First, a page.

You’ve heard a lot about 24-hour home care services, but you have some questions. One of the most common is what happens when the client is sleeping. If you hire overnight caregivers for your mom, what do they do while she’s in bed?
Caregivers Are Not Asleep
It’s a common misconception that 24-hour home care aides are sleeping while their client sleeps. That’s not the case. A caregiver is not going to move into your mom’s home and sleep during the hours she’s asleep.
She’ll have a team of caregivers working in shifts. While she sleeps, her caregiver is awake and ready to help her. If your mom wakes up and needs a glass of water, her caregiver brings it to her. If she has Alzheimer’s and wakes up and tries to leave the house, her caregiver redirects her.
Overnight Caregivers Help in Many Ways
While your mom sleeps, what is her caregiver doing? The caregiver does anything that’s on the list of chores for the night. If your mom has medications to take in the middle of the night, her caregiver will wake her up long enough to take them.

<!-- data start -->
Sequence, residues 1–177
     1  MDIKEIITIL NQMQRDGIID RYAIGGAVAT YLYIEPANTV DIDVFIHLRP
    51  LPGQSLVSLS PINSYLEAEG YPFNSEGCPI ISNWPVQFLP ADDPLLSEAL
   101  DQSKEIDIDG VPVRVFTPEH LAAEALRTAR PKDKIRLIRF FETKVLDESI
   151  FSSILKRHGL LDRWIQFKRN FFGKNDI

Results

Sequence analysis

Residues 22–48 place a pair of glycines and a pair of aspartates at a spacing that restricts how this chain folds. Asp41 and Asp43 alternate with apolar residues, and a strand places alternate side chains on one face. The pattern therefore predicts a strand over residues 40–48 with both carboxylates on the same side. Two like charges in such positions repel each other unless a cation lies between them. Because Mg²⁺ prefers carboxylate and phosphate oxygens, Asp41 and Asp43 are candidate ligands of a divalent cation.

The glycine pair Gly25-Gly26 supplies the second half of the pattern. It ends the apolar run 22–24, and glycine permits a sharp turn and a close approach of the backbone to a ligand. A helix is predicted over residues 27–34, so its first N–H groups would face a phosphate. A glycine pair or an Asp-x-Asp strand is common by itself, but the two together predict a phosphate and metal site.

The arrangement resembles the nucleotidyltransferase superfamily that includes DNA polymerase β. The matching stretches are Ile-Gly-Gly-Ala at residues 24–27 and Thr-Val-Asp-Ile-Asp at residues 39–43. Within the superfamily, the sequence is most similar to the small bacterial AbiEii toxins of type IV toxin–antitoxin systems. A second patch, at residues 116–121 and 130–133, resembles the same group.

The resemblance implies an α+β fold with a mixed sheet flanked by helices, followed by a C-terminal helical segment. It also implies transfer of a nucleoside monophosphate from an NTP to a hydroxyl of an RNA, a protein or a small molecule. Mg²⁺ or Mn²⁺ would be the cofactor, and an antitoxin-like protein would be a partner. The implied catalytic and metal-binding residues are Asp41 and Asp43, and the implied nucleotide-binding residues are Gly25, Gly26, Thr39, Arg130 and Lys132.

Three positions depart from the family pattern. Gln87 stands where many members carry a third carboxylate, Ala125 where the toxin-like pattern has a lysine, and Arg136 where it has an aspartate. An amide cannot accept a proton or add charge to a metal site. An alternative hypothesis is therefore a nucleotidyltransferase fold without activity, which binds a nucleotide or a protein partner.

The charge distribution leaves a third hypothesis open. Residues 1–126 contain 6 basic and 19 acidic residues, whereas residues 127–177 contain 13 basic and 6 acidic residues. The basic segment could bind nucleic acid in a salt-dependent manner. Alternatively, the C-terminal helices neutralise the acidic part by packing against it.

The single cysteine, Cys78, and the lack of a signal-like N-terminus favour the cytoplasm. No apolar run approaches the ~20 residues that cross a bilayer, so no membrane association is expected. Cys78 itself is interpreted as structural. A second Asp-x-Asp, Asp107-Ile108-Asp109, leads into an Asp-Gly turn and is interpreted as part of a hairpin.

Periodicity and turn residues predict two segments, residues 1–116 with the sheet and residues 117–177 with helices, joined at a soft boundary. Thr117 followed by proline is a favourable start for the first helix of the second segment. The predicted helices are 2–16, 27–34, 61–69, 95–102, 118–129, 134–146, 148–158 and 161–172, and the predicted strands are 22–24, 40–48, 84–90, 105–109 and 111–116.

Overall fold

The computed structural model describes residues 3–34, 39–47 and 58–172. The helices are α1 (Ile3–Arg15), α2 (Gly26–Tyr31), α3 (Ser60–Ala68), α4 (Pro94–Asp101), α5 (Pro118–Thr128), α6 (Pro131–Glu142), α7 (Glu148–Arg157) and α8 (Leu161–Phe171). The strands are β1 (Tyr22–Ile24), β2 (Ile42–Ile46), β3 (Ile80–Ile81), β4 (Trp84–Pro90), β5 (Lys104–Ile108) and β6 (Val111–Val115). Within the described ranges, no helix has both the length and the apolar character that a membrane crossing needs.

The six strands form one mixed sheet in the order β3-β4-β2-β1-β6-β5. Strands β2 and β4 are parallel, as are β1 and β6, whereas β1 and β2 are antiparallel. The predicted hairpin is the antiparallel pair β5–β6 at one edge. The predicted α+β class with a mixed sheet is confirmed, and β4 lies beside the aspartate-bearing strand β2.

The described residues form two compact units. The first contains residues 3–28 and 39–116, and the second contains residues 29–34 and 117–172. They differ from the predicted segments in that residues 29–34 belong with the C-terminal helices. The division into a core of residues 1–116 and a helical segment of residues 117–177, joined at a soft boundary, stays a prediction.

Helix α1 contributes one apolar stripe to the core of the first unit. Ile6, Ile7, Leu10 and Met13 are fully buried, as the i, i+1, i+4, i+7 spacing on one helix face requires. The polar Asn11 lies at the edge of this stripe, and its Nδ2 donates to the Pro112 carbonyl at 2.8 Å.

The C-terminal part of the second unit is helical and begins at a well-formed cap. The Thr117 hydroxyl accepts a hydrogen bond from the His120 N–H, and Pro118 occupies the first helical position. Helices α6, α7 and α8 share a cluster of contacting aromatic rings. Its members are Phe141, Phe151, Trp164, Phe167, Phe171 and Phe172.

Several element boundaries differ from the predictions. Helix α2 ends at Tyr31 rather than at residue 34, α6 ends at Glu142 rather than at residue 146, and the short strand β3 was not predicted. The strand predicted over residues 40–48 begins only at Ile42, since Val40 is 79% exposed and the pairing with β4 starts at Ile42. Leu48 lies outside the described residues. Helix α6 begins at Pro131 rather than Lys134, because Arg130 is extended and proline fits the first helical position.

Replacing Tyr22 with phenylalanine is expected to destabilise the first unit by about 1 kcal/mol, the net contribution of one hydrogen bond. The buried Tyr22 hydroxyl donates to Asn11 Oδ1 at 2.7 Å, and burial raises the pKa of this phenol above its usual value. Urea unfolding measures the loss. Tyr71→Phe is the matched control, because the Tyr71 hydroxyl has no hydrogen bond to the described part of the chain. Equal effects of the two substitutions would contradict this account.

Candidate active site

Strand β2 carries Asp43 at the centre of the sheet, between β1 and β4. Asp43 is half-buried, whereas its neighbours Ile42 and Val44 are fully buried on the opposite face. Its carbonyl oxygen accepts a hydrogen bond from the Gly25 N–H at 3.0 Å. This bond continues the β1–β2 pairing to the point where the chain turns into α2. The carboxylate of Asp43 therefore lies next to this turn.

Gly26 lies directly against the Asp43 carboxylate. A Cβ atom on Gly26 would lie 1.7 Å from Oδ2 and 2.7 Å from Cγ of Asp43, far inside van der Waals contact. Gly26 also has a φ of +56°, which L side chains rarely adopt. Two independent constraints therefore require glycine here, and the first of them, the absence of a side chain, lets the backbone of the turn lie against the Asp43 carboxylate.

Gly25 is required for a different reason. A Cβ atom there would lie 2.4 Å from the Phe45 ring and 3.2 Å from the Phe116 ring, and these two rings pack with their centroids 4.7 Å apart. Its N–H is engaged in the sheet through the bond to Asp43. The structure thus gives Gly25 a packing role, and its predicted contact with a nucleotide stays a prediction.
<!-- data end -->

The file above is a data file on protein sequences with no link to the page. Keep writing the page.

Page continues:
If your mom has laundry or needs her home dusted, the caregiver can do that while she’s asleep. Her caregiver can start prepping vegetables and meats for meals. If your mom needs to get groceries, her caregiver can schedule an online order for pick-up.
Your mom has Alzheimer’s and often wakes in the middle of the night and wants to “go home.” Her caregiver is there to stop her from going outside and wandering away. With a home care aide to redirect her, your mom has someone to put on a movie, prepare her a snack, or help her get back in bed.
If your mom wakes up and doesn’t feel well, her caregiver can alert doctors if needed. If your mom’s dealing with nausea from medications she takes, her caregiver is there for moral support and to support her to prevent a fall.
Caregivers Work in Shifts
The number of caregivers depends on the caregiver. There are some who work six-hour shifts and others who work eight hours. If your mom’s 24-hour home care aides work six-hour shifts, she’d have four caregivers covering her daily needs. If they work eight-hour shifts, there would be three caregivers covering the full day.
When one caregiver’s shift is about to end, the next caregiver arrives. They’ll talk about what tasks have been completed and what’s left to do. The new caregiver takes over and the first caregiver goes home. This cycle continues.
Do you have additional questions? Reach out to an expert in 24-hour home care to learn more about this service and how it can help your mom.